In a November 2016 New York Times interview, the National Highway Traffic Safety Administration called the latest set of 2016 highway fatality statistics a “crisis that needs to be addressed now.” The facts look grim. In the first six months of 2016 alone, the number of highway fatalities jumped 10.4% above the same number from 2015.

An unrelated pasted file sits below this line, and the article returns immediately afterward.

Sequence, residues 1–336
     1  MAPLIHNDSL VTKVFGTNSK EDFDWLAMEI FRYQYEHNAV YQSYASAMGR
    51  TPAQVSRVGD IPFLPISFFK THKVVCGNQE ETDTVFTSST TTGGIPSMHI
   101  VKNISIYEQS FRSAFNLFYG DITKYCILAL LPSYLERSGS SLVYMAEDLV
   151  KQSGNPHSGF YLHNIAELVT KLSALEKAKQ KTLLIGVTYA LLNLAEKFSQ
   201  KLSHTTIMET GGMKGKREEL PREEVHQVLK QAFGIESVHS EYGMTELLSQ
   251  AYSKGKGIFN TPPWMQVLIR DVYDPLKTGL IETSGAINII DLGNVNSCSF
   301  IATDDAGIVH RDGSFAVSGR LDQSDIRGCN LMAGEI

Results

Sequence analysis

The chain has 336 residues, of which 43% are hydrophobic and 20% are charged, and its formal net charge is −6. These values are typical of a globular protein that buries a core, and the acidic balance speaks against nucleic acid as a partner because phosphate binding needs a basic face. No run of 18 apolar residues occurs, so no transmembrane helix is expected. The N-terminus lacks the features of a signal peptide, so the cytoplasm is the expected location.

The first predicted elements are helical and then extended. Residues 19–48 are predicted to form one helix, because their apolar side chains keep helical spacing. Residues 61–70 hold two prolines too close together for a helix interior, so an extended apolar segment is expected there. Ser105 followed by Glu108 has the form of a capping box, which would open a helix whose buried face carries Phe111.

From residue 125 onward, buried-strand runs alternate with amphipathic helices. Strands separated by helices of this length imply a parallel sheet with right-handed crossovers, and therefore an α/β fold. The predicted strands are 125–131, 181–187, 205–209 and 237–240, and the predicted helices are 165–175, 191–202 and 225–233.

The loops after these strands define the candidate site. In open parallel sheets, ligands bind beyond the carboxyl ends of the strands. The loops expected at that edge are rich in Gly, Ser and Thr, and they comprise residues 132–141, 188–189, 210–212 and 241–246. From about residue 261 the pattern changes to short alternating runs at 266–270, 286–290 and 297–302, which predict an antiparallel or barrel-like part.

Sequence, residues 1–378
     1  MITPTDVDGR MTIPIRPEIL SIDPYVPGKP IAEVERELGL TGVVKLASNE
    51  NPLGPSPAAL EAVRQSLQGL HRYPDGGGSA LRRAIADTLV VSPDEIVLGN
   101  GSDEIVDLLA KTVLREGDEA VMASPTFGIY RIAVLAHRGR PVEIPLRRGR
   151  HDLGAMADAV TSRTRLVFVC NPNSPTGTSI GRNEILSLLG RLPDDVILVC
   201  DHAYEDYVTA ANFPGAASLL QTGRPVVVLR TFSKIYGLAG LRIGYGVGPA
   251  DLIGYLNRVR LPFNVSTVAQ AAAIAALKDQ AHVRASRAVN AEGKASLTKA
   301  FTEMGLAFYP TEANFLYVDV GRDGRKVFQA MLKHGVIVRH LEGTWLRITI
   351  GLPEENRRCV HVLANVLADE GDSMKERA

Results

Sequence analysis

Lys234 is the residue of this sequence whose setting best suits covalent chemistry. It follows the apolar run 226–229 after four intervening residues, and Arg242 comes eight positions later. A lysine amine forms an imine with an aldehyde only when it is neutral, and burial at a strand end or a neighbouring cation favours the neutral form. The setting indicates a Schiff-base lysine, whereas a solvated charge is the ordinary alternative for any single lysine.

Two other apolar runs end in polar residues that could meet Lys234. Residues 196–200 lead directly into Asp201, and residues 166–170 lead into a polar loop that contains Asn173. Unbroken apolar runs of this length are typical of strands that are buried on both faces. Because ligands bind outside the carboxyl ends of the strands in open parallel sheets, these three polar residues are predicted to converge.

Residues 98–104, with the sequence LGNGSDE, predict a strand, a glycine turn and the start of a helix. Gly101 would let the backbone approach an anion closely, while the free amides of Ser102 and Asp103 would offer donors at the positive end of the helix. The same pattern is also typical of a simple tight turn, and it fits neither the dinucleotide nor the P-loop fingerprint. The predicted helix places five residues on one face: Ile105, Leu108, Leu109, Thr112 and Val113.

17,775 people died in car accidents across the U.S. in the first half of 2016. Many accidents undoubtedly occurred because of distracted driving. That’s a substantial increase during an era where even our laws try and prevent us from getting distracted behind the wheel by restricting us from texting while driving. The dangers of distracted driving go far beyond texting and driving, however. We need to look at every aspect of being distracted by technology and not just the process of using our hands.